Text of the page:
Kickboxer takes Revenge
Mark Savary | Seattle, WA | 01/27/2002
(3 out of 5 stars)
"This film is both a bit different, and nothing new.The first ten minutes consist of shots in and around some sort of Thai festival with elephants. There's a glaring lack of dialog, which makes the opening of the film tedious. But, as soon as the visiting King Boxer meets up with his lovely young cousin (?), things begin to pick up.They tour the city, and then King Boxer asks to see some Thai Boxing. She takes him to see a friend of her's, a pro kickboxer as he prepares for a match. Bad guys try to get the upright young boxer to throw the match, but he refuses. Naturally, this leads to a fight after the match, in which King Boxer lends a hand. Becoming fast friends, the two martial artists train together, and King Boxer teaches the kickboxer his special kung fu techniques. Meanwhile, back in China, a bad Japanese businessman who is an expert in Karate and Judo, hears all about the famous King Boxer and decides to test him. He and his men beat up King Boxer's students and insult the Gym. When King Boxer returns, butt is soon kicked. But the bad guy is sneaky, and uses King Boxer's honorable beliefs against him. In the end, the kickboxer helps take revenge with his friend's special kung fu strikes.There's a great fight between King Boxer and his foe's minions in the bad guy's lair. The last fight was also different, showcasing Kickboxing vs. Karate. In most kung fu movies, you never see someone in a non-Chinese or Western-looking boxing stance, and it was interesting to see the two styles pitted against each other.It looks like most of the Thailand stuff was all shot on location, which does not mesh very well with the more traditional kung fu movie setting back in China, all shot on sets. Also, the image is slightly distorted on the ends, similar to the effect from the old Dimension 150 process (you can see the slight distortion effect in "Patton"), but even more so here. It only becomes noticable when the camera pans or shifts, and creates a strange "bend" to the edges of the image. I'd say it was the cameras used, not the print or transfer. And as a bonus, the film is presented in it's natural widescreen format (in fact, the DVDs in the "Shaolin Boxer Collection" that I've bought so far are all in glorious widescreen).Overall, this was not the best kung fu film I've seen, but it certainly has merit. And there are plenty of fights showcasing three martial arts styles (kung fu, katate/judo, and kickboxing), well worth sitting through or fast-forwarding through the first six minutes with the Thai elephant festival."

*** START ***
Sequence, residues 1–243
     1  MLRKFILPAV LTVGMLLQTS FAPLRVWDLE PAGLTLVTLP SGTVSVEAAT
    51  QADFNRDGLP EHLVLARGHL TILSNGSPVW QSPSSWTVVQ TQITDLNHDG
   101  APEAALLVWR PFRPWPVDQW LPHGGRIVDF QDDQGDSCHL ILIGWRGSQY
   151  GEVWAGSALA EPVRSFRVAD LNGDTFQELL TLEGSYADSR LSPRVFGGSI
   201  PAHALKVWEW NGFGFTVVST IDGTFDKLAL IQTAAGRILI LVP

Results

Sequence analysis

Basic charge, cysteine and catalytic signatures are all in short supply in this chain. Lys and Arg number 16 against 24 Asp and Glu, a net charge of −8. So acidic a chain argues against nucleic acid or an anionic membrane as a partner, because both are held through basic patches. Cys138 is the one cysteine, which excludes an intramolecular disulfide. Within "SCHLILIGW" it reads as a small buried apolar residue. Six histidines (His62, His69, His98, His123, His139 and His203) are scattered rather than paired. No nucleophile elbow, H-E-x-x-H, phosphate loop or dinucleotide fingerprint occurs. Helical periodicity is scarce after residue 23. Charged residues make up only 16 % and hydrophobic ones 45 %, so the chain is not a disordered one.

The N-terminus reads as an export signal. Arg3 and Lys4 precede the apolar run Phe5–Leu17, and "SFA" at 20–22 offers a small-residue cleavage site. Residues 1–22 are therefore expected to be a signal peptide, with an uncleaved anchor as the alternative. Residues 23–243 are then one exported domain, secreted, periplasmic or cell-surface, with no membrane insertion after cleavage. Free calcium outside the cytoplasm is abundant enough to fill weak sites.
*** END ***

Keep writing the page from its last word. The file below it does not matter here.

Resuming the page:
This is not the 1971 film called King Boxer
Hong Kong Fooey | UK | 04/05/2005
(1 out of 5 stars)
"The 1971 film with the title "King Boxer" was the first Kung Fu film on general release in the UK and was first featured on the leading BBC TV show about the cinema. It was the start of the popularisation of the Kung Fu film genre in the UK.
This DVD was published in 1979 according to the cover. Be warned!"